Recent statements threatening to make party-hopping illegal suggest that UMNO, which has plenty of experience luring opponents into its fold, is worried. Such a scenario would pave the way for the return of Anwar who, despite his many enemies, has greater stature at home and abroad than any of the other candidates. From May, when his period of ineligibility due to his 1998 jailing ends, he will become eligible to stand for parliament and appears likely to become official leader of the coalition.
5. Desperate to find a formula which will reverse the erosion of support for UMNO – whether or not Badawi stays for the time being – the party offers Anwar the right of return and the top job after a short interval. This would be bitterly opposed by many in UMNO, particularly those close to Najib and Mahathir, but UMNO feels Anwar is too popular to be left outside the tent. Anwar’s ambition to be prime minister overrides his commitment to the Barisan Rakyat and he takes a big chunk of Keadilan with him, all the while promising to reform UMNO and to re-make the Barisan Nasional in the multi-racial image of the Barisan Rakyat.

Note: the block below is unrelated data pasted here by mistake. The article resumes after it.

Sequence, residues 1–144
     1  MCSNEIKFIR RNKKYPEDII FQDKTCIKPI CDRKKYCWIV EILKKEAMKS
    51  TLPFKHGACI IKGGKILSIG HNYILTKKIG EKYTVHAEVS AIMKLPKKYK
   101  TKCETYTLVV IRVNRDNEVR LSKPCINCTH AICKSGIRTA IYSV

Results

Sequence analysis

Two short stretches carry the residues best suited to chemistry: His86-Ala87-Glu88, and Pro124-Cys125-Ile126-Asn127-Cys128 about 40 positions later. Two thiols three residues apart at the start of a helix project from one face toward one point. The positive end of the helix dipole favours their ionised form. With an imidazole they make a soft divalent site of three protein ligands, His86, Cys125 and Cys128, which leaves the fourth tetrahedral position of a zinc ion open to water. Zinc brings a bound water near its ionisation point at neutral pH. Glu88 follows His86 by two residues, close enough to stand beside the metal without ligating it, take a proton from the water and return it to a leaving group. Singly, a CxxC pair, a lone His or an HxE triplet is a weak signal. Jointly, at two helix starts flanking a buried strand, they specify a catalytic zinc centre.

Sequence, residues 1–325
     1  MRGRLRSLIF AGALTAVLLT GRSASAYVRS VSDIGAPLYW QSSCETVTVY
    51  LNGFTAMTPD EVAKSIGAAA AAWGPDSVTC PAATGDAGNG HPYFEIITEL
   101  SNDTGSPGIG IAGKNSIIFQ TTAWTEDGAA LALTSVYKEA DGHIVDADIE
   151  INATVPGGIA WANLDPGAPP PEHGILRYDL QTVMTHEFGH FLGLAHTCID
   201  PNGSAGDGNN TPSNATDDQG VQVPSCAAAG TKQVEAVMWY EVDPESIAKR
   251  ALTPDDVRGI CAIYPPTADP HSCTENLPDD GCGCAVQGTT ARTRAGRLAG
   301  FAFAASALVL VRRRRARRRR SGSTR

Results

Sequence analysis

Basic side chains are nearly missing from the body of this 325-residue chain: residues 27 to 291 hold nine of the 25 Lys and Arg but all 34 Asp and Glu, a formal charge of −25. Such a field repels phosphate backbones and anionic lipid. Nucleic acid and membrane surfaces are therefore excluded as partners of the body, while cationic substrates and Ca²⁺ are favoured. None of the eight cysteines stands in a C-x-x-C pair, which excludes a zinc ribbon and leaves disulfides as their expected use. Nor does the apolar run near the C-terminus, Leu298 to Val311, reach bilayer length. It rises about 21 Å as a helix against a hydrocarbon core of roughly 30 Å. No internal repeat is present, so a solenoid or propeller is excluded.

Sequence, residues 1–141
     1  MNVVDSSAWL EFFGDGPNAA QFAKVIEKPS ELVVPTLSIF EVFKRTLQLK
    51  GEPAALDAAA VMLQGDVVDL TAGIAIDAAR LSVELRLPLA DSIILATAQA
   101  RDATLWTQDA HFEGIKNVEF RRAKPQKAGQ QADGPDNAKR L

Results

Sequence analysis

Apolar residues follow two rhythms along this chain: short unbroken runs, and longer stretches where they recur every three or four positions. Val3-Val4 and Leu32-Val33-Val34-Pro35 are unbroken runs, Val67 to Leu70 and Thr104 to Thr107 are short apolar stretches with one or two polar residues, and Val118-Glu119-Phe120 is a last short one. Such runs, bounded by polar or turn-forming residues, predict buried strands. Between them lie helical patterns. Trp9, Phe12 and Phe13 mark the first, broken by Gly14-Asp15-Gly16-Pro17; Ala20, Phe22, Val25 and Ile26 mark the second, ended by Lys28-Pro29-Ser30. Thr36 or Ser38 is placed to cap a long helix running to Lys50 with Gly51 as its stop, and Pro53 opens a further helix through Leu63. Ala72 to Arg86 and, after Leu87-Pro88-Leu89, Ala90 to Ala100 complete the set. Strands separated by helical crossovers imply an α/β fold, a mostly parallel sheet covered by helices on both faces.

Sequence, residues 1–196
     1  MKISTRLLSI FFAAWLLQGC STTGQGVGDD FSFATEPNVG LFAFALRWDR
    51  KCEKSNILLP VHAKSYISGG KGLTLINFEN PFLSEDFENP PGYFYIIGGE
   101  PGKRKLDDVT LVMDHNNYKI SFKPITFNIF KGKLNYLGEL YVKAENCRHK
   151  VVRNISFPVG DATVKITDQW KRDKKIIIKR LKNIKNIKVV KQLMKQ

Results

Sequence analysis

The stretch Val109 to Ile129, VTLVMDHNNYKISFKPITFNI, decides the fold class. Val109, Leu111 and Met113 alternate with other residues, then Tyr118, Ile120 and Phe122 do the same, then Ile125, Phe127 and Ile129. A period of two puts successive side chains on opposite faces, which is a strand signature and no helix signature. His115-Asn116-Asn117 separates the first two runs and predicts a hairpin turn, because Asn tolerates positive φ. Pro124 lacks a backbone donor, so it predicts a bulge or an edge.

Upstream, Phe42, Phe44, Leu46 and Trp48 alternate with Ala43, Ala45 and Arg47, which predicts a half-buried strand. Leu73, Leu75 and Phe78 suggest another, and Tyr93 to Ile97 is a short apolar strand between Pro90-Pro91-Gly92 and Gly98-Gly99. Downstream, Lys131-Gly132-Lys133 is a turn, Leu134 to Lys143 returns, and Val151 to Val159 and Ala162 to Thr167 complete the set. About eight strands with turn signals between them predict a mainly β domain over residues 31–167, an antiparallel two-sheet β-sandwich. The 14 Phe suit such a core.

6. Determined to hang on regardless of losing the support of large numbers of UMNO legislators, Badawi offers to go into a grand coalition with the Barisan Rakyat. Despite opposition from the majority of UMNO, he has enough support from reform-minded UMNO figures, including recent respected and independent ministerial appointees like Shahrir Abdul Samad and Zaid Ibrahim, to proceed. He stays as Prime minister, at least for now, and agrees to a reform agenda with Anwar, who thus become heir apparent again.